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benjaminthedonkey wrote:The only example of poor pyramidality I can think of off the top of my head was a "Fragile X" tossup that mentioned X in the first line.
mrsmiley4 wrote:...there seemed like a LOT more math/science questions than the 5/5 per packet asked for in the distribution.
mrsmiley4 wrote:...after about the 8th graph theory question which our team had no clue on the apparent prevalence began to get a little tiresome.
mrsmiley4 wrote:...the editors [have] a math/science bias...
mrsmiley4 wrote:...[the editors had] to replace a large number of bad [non-science] questions [with science questions.]
Nathan wrote:the "Ibrahim" tossup's explicit instruction not to take "Abraham" was horribly in error...unless I missed a specific statement at the beginning of the tossup that the Islamic name was required.
several of the clues referred equally well to Abraham (Terah was an idolator in Jewish tradition as well) and anyone listening to the tossup would conclude that it was seeking a pan-religious character.
my 3 cents.
4) I also have no idea what Nathan is talking about. How is a tossup on John Austin a "mistake"? He's only the most influential British philosopher of the post-WWII era.
setht wrote:More thoughts on science...
WKB approximation: This one also feels like a pretty hard question.... Anyway, huzzah for real quantum mechanics, and down with particle physics.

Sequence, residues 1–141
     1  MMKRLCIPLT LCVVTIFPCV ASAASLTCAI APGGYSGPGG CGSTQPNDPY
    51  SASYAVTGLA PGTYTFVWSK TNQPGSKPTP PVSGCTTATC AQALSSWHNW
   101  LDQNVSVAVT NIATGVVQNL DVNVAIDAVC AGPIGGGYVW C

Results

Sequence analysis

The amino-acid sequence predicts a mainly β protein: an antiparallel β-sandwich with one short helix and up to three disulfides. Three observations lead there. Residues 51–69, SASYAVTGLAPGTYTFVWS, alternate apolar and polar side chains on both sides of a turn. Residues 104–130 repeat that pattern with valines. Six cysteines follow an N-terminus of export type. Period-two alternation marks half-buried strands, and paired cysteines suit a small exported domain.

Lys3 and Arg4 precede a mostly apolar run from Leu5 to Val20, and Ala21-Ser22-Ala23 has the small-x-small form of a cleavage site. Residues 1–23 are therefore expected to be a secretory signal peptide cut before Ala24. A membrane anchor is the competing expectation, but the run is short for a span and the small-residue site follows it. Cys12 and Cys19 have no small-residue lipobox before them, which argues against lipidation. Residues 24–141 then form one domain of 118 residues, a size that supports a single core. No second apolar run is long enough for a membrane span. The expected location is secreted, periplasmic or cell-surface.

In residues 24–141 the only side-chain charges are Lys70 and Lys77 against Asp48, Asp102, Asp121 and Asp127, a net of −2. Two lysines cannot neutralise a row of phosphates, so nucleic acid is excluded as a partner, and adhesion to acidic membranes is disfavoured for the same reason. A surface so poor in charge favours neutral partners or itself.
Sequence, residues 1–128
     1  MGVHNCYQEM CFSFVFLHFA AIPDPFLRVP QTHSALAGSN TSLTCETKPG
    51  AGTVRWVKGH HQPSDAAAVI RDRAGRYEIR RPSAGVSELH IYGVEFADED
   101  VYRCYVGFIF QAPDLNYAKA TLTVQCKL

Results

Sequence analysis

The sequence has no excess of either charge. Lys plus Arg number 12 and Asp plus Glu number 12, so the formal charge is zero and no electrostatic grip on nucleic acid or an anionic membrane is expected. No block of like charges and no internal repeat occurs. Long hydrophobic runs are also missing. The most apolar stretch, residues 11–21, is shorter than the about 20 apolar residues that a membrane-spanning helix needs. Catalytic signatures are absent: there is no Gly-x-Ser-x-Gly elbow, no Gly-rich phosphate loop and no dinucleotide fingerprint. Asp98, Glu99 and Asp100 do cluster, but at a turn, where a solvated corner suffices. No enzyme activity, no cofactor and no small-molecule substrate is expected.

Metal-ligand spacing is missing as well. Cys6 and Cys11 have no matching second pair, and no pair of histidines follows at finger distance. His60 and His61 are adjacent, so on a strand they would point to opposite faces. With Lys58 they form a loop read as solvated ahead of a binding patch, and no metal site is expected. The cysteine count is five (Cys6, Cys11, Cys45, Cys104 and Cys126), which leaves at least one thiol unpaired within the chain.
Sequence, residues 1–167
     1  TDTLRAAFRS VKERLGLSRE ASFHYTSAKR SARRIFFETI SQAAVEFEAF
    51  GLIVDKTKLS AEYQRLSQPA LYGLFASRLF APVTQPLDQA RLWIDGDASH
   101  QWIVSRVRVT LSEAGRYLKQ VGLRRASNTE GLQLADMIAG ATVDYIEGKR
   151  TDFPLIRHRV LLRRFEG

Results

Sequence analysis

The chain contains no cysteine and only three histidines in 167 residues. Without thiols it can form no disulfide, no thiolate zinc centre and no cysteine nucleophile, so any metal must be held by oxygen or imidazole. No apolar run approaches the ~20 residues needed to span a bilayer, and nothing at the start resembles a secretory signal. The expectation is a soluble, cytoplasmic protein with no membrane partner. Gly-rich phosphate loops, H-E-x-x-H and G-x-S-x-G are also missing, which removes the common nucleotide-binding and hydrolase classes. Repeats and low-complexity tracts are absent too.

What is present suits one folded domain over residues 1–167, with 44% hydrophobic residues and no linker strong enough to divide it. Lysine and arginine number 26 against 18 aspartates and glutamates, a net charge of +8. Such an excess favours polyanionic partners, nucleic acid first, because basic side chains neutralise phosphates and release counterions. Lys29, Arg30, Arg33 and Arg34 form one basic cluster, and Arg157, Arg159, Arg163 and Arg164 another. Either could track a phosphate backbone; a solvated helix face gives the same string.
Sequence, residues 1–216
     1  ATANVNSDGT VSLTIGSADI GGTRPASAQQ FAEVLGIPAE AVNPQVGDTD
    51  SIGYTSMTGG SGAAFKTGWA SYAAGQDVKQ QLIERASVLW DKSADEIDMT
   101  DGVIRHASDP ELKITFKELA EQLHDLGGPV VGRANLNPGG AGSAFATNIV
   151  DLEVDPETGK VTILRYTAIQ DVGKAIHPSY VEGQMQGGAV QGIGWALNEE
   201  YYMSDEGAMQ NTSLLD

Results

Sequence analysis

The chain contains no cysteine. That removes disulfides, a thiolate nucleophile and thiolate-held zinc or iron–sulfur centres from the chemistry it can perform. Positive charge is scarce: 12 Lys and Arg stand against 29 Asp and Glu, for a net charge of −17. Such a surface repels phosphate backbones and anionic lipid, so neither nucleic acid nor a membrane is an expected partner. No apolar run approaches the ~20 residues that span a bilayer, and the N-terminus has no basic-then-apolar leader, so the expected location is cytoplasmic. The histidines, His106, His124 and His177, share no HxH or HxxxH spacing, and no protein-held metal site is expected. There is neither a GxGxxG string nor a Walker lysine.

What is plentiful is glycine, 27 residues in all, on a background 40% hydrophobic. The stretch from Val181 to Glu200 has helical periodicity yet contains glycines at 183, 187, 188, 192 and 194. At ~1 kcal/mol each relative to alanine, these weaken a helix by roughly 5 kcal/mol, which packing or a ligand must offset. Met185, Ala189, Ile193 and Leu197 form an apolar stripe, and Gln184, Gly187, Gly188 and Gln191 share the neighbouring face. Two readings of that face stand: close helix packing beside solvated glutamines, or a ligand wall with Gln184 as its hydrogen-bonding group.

Heat transfer bonus: the third part on Dirichlet problems was a bit confusing.
Equations of state, radioisotopes bonuses: I tend to feel that questions on crazy equations of state are kinda ass.
Landau: I don't know anything about this Landau pole of which the question speaks, so I have no idea whether that clue is properly placed in the question; assuming that part's fine, I think this is a really good question. I realize it's probably harder than the typical science tossup, but I still wish it had been put in the first 20 of some packet.
setht wrote:I think it is easier to write a lazy, boring particle physics
question (especially a bonus) than any other kind of physics
question, but I am convinced that it is entirely possible to
write a complete set of non-particle physics questions which
are pyramidal, accessible, and start with clues physics
people should know. There are all sorts of well-known topics like "pressure," "electric field," and so on that have scads of important, interesting facts that could be used as clues. Why write another boring tauon tossup? I would argue that concepts like pressure and electric field are far more useful to the typical layperson, as well as the typical scientist.
I don't really have much else in the way of arguments here. Matt is correct in pointing out that it is possible to write real particle physics questions; the Regionals set contains at least one example that seems good to me. I guess particle physics is probably sexier to the typical layperson than the fundamentals of physics, but: a) I think "importance" and "usefulness" should probably be weighted more heavily in determining science subdistributions than "interest for the layperson," at least at ACF Regionals and Nationals; b) I think it's entirely possible to write non-particle physics questions on important concepts/people/whatever that will be interesting to most laymen; c) shitty particle physics questions have little or no sex appeal.
A. Parkinson's specifically degrades this collection of cell bodies outside the CNS that comprises the substantia nigra, caudate nucleus, and putamen.
Answer: basal ganglia
A. The cell-surface proteins that are found on fragments of invading or foreign cells are usually molecules encoded by this group of genes.
Answer: major histocompatibility complex
vandyhawk wrote: I think that HLA wouldn't really be correct b/c the group of genes is the MHC, while the various subtypes of molecules are called the HLA's (human leukocyte antigens).
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